British court awards Facebook prank victim about $16,000 in damages
A couple of guys in their early 20s got into a dispute, and one of them retaliated by posting pictures of child sex abuse on his rival's Facebook wall and accusing him of being gay. The victim won £10,000, or about $16,000, in libel damages, with one observer suggesting that it's even worse for someone to slander another via Facebook than just to the general public, since one's Facebook entries would be more likely to be seen in concentrated fashion by one's friends, peers, and associates, and thus the offending remarks would be more likely to do harm to one's reputation. People need to be educated on matters of slander before they make serious and permanent mistakes online. On a related note, it should be pointed out that the perpetrator in the Facebook story made a faulty connection between homosexuality and child abuse. It does not serve society well for one group to be wrongly associated with heinous acts against children when they are in no special condition to be the perpetrators; it in fact distracts attention away from the real causes of child sexual abuse and can make adults either complacent or ignorant about protecting their children from all kinds of predators -- just like the groundless suspicion of people based upon race, for instance, can render police work ineffective.
The Constitution was written more than 70 years before anyone ever rode a bicycle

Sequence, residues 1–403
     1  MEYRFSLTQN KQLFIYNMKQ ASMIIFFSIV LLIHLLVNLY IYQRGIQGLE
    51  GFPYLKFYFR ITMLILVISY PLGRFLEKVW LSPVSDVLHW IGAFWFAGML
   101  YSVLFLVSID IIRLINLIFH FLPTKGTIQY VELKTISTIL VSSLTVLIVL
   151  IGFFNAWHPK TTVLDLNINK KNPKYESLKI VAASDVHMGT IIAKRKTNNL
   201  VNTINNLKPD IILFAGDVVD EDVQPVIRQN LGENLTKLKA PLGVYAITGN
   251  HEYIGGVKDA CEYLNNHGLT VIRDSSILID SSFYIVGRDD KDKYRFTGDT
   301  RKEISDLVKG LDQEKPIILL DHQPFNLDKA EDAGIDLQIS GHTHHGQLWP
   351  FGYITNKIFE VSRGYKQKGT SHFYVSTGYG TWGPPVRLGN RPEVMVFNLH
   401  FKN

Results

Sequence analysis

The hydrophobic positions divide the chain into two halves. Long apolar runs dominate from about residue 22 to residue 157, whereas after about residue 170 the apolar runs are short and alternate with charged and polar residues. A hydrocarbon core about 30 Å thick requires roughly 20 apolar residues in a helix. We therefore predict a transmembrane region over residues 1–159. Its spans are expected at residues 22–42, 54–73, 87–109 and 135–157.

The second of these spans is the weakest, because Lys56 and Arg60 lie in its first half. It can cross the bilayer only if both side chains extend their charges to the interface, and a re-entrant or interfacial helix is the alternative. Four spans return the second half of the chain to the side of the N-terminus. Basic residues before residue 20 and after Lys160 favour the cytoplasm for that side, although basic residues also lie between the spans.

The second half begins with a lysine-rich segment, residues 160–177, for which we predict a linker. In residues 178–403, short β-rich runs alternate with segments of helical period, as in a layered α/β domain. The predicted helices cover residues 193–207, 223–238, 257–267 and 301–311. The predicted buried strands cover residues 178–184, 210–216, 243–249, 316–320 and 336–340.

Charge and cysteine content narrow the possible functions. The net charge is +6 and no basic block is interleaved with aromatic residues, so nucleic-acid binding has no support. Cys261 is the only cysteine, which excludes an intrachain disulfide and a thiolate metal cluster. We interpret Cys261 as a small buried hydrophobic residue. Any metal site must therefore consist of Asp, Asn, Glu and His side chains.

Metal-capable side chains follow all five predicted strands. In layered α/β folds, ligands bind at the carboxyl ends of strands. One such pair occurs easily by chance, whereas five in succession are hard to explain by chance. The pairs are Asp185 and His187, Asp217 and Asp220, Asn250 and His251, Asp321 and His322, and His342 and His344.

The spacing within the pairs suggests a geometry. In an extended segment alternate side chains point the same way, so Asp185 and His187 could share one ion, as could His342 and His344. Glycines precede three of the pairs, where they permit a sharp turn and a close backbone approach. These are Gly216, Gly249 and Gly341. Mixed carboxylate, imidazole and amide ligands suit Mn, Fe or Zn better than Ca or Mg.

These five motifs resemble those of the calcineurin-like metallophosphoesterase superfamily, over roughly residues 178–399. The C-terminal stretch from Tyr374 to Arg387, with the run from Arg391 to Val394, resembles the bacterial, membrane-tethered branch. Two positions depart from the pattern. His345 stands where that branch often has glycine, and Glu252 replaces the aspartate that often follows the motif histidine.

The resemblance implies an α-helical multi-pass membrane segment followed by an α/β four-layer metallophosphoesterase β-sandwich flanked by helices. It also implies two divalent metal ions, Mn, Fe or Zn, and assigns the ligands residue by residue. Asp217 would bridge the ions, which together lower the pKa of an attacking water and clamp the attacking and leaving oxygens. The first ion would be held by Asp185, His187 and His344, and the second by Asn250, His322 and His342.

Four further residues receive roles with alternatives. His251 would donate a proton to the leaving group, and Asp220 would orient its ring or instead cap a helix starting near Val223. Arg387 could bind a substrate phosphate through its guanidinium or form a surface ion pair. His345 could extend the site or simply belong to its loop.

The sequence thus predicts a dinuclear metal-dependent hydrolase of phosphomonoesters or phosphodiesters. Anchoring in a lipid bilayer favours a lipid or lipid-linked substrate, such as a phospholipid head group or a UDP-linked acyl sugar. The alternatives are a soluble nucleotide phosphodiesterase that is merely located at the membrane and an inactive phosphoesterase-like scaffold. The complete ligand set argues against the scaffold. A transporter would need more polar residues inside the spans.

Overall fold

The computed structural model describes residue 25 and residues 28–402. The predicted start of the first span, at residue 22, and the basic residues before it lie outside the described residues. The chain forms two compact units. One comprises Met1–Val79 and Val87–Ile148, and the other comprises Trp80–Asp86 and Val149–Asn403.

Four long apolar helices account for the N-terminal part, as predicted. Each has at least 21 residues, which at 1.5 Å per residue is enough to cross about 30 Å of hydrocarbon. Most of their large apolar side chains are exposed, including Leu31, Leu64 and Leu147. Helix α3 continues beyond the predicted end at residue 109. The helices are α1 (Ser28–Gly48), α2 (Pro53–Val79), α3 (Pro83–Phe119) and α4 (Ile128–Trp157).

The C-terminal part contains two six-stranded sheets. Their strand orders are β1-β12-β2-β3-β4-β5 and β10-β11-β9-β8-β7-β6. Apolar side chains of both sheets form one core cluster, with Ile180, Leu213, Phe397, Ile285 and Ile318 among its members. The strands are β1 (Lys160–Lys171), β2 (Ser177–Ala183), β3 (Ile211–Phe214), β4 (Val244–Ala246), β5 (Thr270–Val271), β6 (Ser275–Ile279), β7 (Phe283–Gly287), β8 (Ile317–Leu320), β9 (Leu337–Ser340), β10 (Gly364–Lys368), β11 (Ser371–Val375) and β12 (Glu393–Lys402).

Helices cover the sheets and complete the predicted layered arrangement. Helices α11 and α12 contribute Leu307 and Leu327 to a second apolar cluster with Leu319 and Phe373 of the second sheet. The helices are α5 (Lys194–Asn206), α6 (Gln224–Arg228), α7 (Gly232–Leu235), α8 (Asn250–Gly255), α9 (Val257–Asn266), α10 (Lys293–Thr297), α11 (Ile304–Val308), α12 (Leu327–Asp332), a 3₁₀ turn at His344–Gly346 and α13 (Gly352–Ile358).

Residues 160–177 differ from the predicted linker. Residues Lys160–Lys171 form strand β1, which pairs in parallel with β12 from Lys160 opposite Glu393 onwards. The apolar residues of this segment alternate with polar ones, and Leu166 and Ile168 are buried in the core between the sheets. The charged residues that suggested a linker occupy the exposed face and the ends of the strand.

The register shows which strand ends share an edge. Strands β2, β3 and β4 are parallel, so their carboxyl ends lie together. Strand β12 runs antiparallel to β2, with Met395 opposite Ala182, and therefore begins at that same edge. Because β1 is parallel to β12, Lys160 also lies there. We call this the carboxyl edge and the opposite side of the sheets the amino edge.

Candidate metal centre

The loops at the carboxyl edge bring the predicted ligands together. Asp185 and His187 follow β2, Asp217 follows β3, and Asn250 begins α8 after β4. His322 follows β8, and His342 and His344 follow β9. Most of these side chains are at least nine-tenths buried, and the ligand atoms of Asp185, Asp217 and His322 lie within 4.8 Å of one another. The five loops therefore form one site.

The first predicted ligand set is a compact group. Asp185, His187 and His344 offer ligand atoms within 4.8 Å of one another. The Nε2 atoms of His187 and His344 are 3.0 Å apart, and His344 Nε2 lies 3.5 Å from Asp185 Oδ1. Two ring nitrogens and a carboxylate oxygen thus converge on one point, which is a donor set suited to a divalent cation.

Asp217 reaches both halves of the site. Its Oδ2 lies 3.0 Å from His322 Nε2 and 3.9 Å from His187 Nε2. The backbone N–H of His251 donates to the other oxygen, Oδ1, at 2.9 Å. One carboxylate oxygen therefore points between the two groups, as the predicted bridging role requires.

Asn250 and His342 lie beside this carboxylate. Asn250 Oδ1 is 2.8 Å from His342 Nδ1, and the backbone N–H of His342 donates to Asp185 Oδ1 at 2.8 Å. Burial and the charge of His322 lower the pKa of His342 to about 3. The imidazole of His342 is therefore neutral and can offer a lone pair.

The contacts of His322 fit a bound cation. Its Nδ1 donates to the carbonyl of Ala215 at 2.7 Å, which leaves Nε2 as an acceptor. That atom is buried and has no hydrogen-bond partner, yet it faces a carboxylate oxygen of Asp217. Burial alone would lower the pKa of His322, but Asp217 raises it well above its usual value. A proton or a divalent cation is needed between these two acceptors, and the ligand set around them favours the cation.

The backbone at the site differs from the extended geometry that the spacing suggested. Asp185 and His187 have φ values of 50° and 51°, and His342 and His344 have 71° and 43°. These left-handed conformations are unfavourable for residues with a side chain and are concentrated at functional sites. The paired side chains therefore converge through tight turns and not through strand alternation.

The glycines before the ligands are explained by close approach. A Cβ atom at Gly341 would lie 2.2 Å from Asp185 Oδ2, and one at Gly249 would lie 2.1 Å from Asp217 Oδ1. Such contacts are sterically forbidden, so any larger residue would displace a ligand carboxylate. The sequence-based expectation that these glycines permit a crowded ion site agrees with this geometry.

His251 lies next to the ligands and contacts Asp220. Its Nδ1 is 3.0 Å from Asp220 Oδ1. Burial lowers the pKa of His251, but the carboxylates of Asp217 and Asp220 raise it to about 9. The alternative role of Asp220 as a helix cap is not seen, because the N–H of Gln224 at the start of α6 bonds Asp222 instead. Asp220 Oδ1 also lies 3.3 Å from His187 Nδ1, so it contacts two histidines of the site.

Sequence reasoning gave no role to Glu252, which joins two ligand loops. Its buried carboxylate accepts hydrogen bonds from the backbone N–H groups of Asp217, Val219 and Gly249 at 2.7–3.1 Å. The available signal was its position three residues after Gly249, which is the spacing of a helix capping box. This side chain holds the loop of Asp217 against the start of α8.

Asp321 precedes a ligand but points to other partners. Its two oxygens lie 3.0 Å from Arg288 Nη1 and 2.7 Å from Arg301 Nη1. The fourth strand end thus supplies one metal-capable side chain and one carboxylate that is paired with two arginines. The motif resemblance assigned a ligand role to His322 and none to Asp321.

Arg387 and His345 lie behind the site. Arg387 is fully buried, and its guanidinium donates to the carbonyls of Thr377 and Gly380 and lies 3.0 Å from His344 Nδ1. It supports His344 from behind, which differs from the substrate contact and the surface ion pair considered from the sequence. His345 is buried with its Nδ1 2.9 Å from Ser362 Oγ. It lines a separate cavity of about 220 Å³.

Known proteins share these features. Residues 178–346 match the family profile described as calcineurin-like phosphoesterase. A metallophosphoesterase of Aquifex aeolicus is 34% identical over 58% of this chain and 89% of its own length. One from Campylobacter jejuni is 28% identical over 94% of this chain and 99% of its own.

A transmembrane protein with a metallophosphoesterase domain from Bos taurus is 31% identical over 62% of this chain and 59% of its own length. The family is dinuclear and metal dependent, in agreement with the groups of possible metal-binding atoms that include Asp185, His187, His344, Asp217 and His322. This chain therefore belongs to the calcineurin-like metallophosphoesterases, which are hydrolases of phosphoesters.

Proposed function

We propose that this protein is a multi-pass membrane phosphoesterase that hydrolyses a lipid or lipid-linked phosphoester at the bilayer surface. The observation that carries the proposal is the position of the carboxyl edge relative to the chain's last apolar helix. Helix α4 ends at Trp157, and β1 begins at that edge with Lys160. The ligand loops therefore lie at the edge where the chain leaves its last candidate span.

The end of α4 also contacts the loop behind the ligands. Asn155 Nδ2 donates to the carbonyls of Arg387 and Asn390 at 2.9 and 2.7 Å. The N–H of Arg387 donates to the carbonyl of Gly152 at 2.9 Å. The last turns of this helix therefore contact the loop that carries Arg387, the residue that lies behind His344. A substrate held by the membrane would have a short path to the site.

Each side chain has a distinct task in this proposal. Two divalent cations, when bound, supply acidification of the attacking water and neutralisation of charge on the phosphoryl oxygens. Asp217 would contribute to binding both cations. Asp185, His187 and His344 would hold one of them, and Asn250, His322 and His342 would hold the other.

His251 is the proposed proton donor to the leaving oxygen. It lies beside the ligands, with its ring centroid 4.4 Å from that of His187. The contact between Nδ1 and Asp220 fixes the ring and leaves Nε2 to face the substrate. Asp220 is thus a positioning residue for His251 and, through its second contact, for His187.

Now that's a scary thought.
The value of a clever message
(Video) A television public-service announcement campaign on behalf of seat-belt use employs one of the cleverest combinations of special effects and emotional appeal that one could expect to see
When the International Space Station will appear overhead in Des Moines
A helpful site that allows for convenient localization shows both the current position of the International Space Station and lists when it will zip overhead. Depending on the weather, there are frequently five or six visible passes per day.
No, your air conditioner isn't poisoning you
An e-mail forward is circulating with the summer season, suggesting that automotive air conditioning is poisoning car passengers with benzene. The bottom line is that there is very little risk of such poisoning taking place -- and it's certainly less than the risk that a driver or passenger might be harmed by heat exhaustion. Just run the A/C, OK?
Why flooding tends to be worst in urban areas